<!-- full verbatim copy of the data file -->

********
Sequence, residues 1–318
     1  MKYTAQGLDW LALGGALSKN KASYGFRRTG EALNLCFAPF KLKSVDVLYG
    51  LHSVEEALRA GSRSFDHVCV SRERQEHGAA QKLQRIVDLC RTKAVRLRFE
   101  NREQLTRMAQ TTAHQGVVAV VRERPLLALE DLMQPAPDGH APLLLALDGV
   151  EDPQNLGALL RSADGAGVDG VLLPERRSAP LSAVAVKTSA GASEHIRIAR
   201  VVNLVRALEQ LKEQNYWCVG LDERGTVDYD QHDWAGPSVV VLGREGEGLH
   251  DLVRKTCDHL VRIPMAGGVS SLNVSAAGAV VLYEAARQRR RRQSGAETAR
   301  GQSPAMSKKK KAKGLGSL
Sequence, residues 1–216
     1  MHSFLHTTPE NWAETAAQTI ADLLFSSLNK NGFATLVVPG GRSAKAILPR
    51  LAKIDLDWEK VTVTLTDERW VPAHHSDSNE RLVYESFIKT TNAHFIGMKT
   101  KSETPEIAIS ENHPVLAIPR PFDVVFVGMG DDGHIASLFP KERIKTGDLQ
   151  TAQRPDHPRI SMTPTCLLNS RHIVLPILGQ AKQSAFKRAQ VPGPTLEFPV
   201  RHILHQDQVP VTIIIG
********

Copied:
Sequence, residues 1–318
     1  MKYTAQGLDW LALGGALSKN KASYGFRRTG EALNLCFAPF KLKSVDVLYG
    51  LHSVEEALRA GSRSFDHVCV SRERQEHGAA QKLQRIVDLC RTKAVRLRFE
   101  NREQLTRMAQ TTAHQGVVAV VRERPLLALE DLMQPAPDGH APLLLALDGV
   151  EDPQNLGALL RSADGAGVDG VLLPERRSAP LSAVAVKTSA GASEHIRIAR
   201  VVNLVRALEQ LKEQNYWCVG LDERGTVDYD QHDWAGPSVV VLGREGEGLH
   251  DLVRKTCDHL VRIPMAGGVS SLNVSAAGAV VLYEAARQRR RRQSGAETAR
   301  GQSPAMSKKK KAKGLGSL
Sequence, residues 1–216
     1  MHSFLHTTPE NWAETAAQTI ADLLFSSLNK NGFATLVVPG GRSAKAILPR
    51  LAKIDLDWEK VTVTLTDERW VPAHHSDSNE RLVYESFIKT TNAHFIGMKT
   101  KSETPEIAIS ENHPVLAIPR PFDVVFVGMG DDGHIASLFP KERIKTGDLQ
   151  TAQRPDHPRI SMTPTCLLNS RHIVLPILGQ AKQSAFKRAQ VPGPTLEFPV
   201  RHILHQDQVP VTIIIG